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July Thursday

Virtual Program | Burning Down the House: Julian Zelizer Discusses Modern Republicanism and Newt Gingrich with Alexis Coe


It was “The Party of Lincoln.” “The People’s Party.”

The mythology of the Republican Party is steeped in a rich history of uniting the nation and championing its values. Yet today Republicans (and Democrats alike) are accused of bitter partisanship and ruthless politics. So when did “The Grand Old Party” turn course? Princeton Professor of History and Public Affairs Julian Zelizer uses his new book Burning Down the House to argue that responsibility lays largely with one man: Newt Gingrich. Join Zelizer and historian Alexis Coe for a conversation about Gingrich’s leadership, tactics, and war-like approach, and how they created today’s partisan politics, from the Tea Party movement to Trumpism.


Thursday, July 16, 2020

7:00 pm

Online program via Zoom Webinar


  • Free Free
register here


  • Julian Zelizer (c) courtesy of the author copy resize

    Julian E. Zelizer

    Julian E. Zelizer is the Malcolm Stevenson Forbes, Class of 1941 Professor of History and Public Affairs at Princeton University and a CNN Political Analyst. His most recent books are Burning Down the House: Newt Gingrich, the Fall of a Speaker, and the Rise of the New Republican Party, Fault Lines: A History of the United States Since 1974 (co-authored with Kevin Kruse), and The Fierce Urgency of Now: Lyndon Johnson, Congress, and the Battle for the Great Society,” the winner of the D.B. Hardeman Prize for Best Book on Congress.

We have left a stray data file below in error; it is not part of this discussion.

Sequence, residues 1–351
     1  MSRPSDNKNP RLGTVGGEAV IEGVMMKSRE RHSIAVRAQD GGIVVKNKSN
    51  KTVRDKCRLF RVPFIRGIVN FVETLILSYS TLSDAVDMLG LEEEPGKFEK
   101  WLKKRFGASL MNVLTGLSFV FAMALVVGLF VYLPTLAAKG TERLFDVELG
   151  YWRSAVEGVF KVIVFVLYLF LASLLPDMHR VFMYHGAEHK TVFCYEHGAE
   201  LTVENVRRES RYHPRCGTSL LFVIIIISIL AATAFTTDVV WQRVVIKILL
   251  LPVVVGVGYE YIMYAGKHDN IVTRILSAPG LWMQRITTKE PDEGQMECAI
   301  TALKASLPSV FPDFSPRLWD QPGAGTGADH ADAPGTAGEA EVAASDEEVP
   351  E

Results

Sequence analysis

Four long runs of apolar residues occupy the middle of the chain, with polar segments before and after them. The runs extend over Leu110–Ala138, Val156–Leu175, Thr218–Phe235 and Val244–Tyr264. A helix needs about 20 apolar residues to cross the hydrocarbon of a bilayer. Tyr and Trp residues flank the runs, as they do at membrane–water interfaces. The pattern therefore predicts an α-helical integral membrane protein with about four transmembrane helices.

• Alexis Coe author photo stoop_credit Sylvia Rosokoff resize

    Alexis Coe

    Alexis Coe is an award-winning historian and author of the books You Never Forget Your First: A Biography of George Washington, and Alice + Freda Forever. Coe is a consulting producer on Doris Kearns Goodwin’s forthcoming George Washington series on the History Channel, and has frequently appeared on CNN. She’s the cohost of Audible’s “Presidents Are People, Too!” and the host of “No Man’s Land.” Her writing has appeared in The New York Times, The New York Times Magazine, The New Yorker, The Atlantic, Slate, Time, and many others. She holds a graduate degree in American history, and was a Research Curator at the New York Public Library.